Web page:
4. Staying overnight in Tokyo. Note that most trains operate between 6am and 9pm. If you’re on a late night / early morning flight to Tokyo, or you can’t purchase a ticket for the same day, you’ll need to find accommodation and plan to take the next day’s train. Accommodation in Tokyo costs, on average, at least US$200 per night.

  5. Taking the train. Once on the train, the Shinkansen is a smooth, delightful ride, and a great way to see the countryside at high speeds!

  6. Arriving at your destination station. 1.5 to 3 hours later you’ll arrive at your destination station. Disembark from the train, make your way to the arrivals hall, and purchase a ticket for the next shuttle or coach bus. These usually leave every half hour.

  7. You’ve arrived! Depending on your resort, the shuttle may take anywhere from 30 min. to 1.5 hrs to arrive at your resort area. It’s possible that the shuttle drops you off directly in front of your hotel. However, it’s more likely that you’ll be dropped off at one of a few designated stops in the area. From there, you’ll have to make your way to your hotel on your own.

Why is this a problem?

While all of the above-outlined steps are perfectly achievable , and the Japan transportation operators are both efficient and helpful, there are some obvious downsides:

  1. Accumulated costs & time. Researching the trains, taxis from the airport, ticket purchases, train ride, final leg travel to your ski resort area, and so on all add up both in terms of time and cost. For a small group, you can expect at least 3-4x the time and around the same cost as, if not less than, a private door-to-door transfer.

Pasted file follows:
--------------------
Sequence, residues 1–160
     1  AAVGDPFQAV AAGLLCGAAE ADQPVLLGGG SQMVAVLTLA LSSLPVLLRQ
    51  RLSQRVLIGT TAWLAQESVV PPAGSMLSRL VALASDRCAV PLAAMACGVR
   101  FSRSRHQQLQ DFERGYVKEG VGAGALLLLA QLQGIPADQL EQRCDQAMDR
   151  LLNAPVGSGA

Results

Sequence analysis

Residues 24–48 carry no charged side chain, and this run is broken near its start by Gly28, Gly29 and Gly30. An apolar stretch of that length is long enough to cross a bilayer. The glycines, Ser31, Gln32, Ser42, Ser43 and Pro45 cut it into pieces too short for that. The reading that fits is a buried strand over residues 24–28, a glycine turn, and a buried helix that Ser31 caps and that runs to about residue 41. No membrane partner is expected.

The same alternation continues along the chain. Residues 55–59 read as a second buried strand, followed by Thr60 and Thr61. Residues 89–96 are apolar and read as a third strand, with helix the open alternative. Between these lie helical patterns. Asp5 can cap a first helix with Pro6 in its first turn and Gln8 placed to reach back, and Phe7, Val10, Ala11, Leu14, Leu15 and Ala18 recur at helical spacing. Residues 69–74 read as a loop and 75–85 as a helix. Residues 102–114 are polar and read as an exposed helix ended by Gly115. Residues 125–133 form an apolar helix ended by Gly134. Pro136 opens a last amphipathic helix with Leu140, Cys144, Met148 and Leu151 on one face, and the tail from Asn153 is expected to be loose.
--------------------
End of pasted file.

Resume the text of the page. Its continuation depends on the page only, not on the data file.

2. Inconvenience. To take the train, you are looking at about 5-6 additional steps to arrive at your hotel compared to a private transfer. With luggage or with kids, repeatedly changing modes of transport, and figuring out the next step, is the last thing you want to deal with when starting your holiday.

  3. Chance for unexpected delays. A delayed flight, a misinterpreted train schedule, traffic en route to Tokyo Station can all result in an unexpected overnight stay in Tokyo or at the very least additional time needed to get to your ski resort.

If thinking about public transport or taxi, you may want to consider an upgrade to private car. Affordable and vastly more convenient, a professional car service lets you enjoy the start of your trip comfortably with peace of mind.

Enjoy Asia Car Service’s private car with $10 off promo: 10carblog

Final Thoughts

The Shinkansen is a good choice for regular Japan visitors that can navigate the system with ease and those who are already planning a stay in Tokyo in addition to skiing.

On the other hand, for those who wish to arrive to their ski resorts with the ultimate ease and comfort, the train and other public transportation options might not be the best choice. For a hassle-free journey from Haneda or Narita Airport to your ski resort a private door-to-door car service is by far the best option.

Asia Car Service provides efficient, 24/7 transportation solutions across Japan and East Asia. Our aim is to make your travel as convenient and comfortable as possible. We welcome you to contact us if you are interested in a direct door-to-door service for your next Japan ski holiday, and are happy to extend you a voucher for $20 off your 1st ski transfer with us. Simply provide this promo code: SKIJAPAN20 when inquiring or booking.

We’re also excited to offer you a $10 discount on your first service with our company, redeemable with this promo code 10CARBLOG. Just click the image below and get your discounted quote!